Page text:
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February 24, 2012

(See attached file: PR 120224.pdf) (See attached file: PR 120224.xls)

  • Wheat markets closed lower this week, unable to overcome pressure from increased production estimates by USDA and IGC. Support from a weaker dollar, technical selling and improved weather forecasts helped limit losses. The bearish production numbers had the greatest effect on the MGEX spring wheat contract. MGEX dropped to a 14-month low on Friday to close at $7.86/bu, a 36 cent loss on the week. KCBT lost 9 cents to close at $6.81/bu and CBOT closed at $6.41/bu, a 4 cent loss. The CBOT March corn contract was down 1 cent to $6.41/bu and CBOT soybeans gained 12 cents to close the week at $12.79/bu.
  • On Thursday, USDA updated its 2012/13 wheat plantings forecast to 58.0 million acres, up from a previous forecast of 56.5 million acres and 7 percent greater than 54.4 million acres in 2011/12. Projected harvested acres increased 1.2 million acres to 48.7 million acres, up from 45.7 million acres harvested in 2011/12. Total projected 2012/13 production is 58.9 MMT, up from the previous estimate of 57.7 MMT and 8 percent greater than 2011/12 production of 54.4 MMT. The report pressured prices on Thursday and into Friday.
  • In a report released Thursday, IGC increased its 2011/12 world production estimate by 5.0 MMT to 695 MMT. If realized, it would be 6 percent greater than world production of 653 MMT in 2010/11. IGC also increased projected world trade by 2.0 MMT to 137 MMT and ending stocks from 204 MMT to 211 MMT. Consumption remained the same at 681 MMT. The higher estimates proved bearish for markets on Thursday.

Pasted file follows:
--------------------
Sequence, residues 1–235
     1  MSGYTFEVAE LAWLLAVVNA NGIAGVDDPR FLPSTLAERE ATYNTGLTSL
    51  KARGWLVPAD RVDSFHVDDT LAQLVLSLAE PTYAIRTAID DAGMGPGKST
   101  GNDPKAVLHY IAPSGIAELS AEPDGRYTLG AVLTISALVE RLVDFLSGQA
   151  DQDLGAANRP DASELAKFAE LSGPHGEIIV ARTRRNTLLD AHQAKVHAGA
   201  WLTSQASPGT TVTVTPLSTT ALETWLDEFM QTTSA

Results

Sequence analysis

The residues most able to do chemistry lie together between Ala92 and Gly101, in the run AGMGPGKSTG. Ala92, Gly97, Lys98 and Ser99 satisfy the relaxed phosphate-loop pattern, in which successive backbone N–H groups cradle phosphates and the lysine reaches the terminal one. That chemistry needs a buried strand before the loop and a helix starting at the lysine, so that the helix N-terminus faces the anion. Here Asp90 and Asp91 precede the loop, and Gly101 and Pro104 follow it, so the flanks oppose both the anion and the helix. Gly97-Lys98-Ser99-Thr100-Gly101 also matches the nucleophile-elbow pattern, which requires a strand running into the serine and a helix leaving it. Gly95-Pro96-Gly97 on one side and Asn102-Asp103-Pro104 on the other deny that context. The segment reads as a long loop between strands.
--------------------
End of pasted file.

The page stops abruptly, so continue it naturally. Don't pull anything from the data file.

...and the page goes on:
• Russian Agriculture Minister Yelena Skrynnik said Tuesday that the 94.0 MMT of grain harvested this marketing year (2011/12) is sufficient to meet domestic demand and support exports of 25.0 MMT. The country exported 19.8 MMT of grain through Feb.12. In October, Russian Prime Minister Vladimir Putin said Russia could export no more than 25.0 MMT of grain but the government raised that limit to 27.0 MMT earlier this month saying it saw no need for export restrictions. The agriculture minister on Tuesday would not comment on possible export restrictions after April.
  • Ukraine’s government on Wednesday denied media reports that it had urged grain traders to limit wheat exports in order to protect the domestic market. Agriculture Minister Mykola Prysyazhnyuk said that despite crop damage caused by severe weather, the country will harvest between 42.0 and 50.0 MMT of grain in 2011/12, including 15.0 to 16.0 MMT of wheat, which will meet domestic demand.
  • U.S. commercial sales had the second best week of the marketing year with net sales of 701,600 MT, up 67 percent from the previous week and 25 percent from the prior 4-week average. Total sales for the 2011/12 marketing year, through February 16, 2012 were 23.5 MMT. Declining prices have made U.S. wheat more competitive in the last two months than in the first half of the marketing year. USDA forecasts 2011/12 U.S. wheat exports (including donations) to reach 26.5 MMT.
  • The Baltic Panamax index closed lower this week at 836, down from 949 last week. Freight rates remained mostly unchanged as vessel owners hope for a possible rally in coming weeks. Maritime Research’s Grain Freight Index gained for the first time in ten weeks, up from 494.0 to 502.2.
  • The ICE Dollar Index lost this week to close lower this week at 78.40, down from 79.38 Friday. The weaker dollar supported wheat prices on Friday.

File Name
PR 120224.pdf
PR 120224.xls
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